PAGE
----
Originally Published: May 3, 2017 5:58 a.m.
PHOENIX — Come this summer, school superintendents and principals will be able to hire people without formal training to teach in their classrooms.
Gov. Doug Ducey on Tuesday signed legislation to create new exceptions to laws which generally allow traditional public schools to hire people who have gone through traditional teacher training.
There already are some exceptions which allow people to enter the classroom while they get their certification. But the governor has argued these portals are not wide enough.
Ducey also contends the change in the law will help alleviate the shortage of teachers.
“No longer will an outdated process keep qualified, dedicated individuals out of the classroom,” the governor said in a prepared statement. “Instead, principals will now be empowered to make hiring decisions and attract the best individuals to serve our students.”
That contention has been battled by Democrats and some teacher groups who have argued the answer lies not in lowering standards but making the profession more attractive. That includes higher salaries.
“The governor’s plan invites people without any preparation and without any classroom experience to educate our children,” said Joe Thomas, president of the Arizona Education Association. And he argued in his statement the infusion of new teachers without proper training actually will harm what already takes place in schools.
“By signing this bill, the governor is further burdening our teachers with the additional responsibility of training new, unprepared colleagues how to teach,” Thomas said. “All this does is set up a churn-and-burn model of low-wage teachers who will continue to leave after a few years, and our children will continue to suffer for the profit of adults.”
But it’s not just the Democrats who sought a veto. State schools chief Diane Douglas also said the legislation is a mistake.
“In my opinion, lowering the standards for new teachers is not the way to correct the problem,” she said in a prepared statement. More to the point, Douglas said there already are alternate pathways to become a teacher.”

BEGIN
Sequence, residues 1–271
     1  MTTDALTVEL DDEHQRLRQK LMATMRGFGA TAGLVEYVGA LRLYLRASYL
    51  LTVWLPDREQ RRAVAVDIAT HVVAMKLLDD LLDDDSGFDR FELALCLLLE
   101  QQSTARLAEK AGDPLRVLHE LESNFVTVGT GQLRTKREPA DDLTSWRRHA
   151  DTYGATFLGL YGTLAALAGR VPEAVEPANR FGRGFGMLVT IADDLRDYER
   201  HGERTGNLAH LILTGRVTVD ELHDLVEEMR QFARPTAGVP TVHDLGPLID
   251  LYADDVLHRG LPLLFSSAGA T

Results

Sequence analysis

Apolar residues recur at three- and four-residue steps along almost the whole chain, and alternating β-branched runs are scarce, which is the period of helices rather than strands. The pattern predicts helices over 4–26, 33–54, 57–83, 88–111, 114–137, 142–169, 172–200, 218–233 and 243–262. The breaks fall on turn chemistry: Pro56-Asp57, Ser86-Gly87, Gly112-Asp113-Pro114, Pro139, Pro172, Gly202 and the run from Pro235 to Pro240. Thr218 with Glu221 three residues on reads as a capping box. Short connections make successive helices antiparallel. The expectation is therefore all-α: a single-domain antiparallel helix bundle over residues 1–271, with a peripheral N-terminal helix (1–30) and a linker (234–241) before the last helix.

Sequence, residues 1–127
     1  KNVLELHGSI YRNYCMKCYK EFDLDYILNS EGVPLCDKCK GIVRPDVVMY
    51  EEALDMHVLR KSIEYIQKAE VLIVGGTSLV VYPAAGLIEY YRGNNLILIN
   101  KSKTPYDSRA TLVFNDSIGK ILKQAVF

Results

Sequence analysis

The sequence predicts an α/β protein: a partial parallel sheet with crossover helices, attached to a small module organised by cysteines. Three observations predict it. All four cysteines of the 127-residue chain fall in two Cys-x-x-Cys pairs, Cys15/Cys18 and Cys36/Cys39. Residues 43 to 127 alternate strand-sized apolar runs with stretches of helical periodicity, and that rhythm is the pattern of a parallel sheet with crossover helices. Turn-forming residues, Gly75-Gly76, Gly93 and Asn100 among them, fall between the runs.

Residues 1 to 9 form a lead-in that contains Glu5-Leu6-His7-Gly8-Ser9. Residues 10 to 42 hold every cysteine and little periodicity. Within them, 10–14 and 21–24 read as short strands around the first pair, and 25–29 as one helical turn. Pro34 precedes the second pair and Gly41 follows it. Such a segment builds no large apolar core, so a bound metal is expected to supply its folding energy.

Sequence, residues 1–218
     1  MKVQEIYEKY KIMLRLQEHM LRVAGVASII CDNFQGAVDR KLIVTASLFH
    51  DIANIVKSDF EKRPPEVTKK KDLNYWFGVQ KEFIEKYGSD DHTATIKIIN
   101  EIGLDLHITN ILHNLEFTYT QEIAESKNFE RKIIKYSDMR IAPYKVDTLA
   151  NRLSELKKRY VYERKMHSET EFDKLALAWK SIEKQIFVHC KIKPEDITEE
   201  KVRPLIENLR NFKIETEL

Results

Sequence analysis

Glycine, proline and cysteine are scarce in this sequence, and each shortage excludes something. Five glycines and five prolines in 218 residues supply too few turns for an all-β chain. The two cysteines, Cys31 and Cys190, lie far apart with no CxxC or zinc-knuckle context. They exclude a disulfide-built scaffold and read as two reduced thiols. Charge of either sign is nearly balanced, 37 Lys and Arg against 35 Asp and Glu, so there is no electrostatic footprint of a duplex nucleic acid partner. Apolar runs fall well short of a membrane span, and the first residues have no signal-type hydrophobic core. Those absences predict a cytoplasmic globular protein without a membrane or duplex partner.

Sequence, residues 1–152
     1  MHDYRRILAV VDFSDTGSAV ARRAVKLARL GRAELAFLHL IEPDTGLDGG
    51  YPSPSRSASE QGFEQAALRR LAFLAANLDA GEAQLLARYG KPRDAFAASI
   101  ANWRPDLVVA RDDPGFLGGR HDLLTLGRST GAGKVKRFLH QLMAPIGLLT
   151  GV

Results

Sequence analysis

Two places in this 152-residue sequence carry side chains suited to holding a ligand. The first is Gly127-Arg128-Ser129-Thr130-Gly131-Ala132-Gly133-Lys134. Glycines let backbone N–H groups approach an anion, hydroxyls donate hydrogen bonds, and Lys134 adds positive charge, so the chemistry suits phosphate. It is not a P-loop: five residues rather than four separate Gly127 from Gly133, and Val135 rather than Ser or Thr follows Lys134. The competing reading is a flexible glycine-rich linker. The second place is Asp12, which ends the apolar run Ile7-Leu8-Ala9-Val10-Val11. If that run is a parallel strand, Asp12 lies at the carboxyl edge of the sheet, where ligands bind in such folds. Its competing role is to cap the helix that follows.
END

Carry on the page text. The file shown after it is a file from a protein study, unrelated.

Douglas, a former member of the Peoria Unified School District governing board, also said that having knowledge of a specific specialty or discipline does not necessarily mean the ability to actually impart that wisdom to a class full of students.
The school superintendent also has lined up against Ducey on the issue of not just pay for teachers but how to fund that.
Both Douglas and Ducey support extending the 0.6-cent sales tax first approved by voters in 2000. It raises close to $600 million a year.
Without either legislative action or a public vote, that will expire in 2020.
The governor, however, once again reaffirmed this week he is not interested in expanding the levy. Instead he said one way of getting more money to teachers would be to reallocate how the proceeds are divided.
That, however, would mean taking revenues away from others who have benefited from the tax, including universities and community colleges.
Douglas, by contrast, said boosting the levy to a full penny would raise an additional $400 million. And she said if all of those new dollars are earmarked for teacher pay, that could mean an 11 percent increase in salaries.
Ducey had originally proposed a 2 percent increase, but phased in at 0.4 percent for the next five years. That has so far proven politically unpalatable to most lawmakers who are currently looking at condensing the time frame to just two years, one percent immediately and an additional percent next school year.
The governor on Tuesday signed separate legislation that expands an existing loan forgiveness program for people who go into teaching.
Current law earmarks the program for those who go to schools in areas experiencing a teacher shortage. The new law alters that to focus on those who teach in a public school that is low-income, rural or located on an Indian reservation.
Loan forgiveness also would be available to not only those who go through traditional teacher training programs but pursue certification through alternate programs.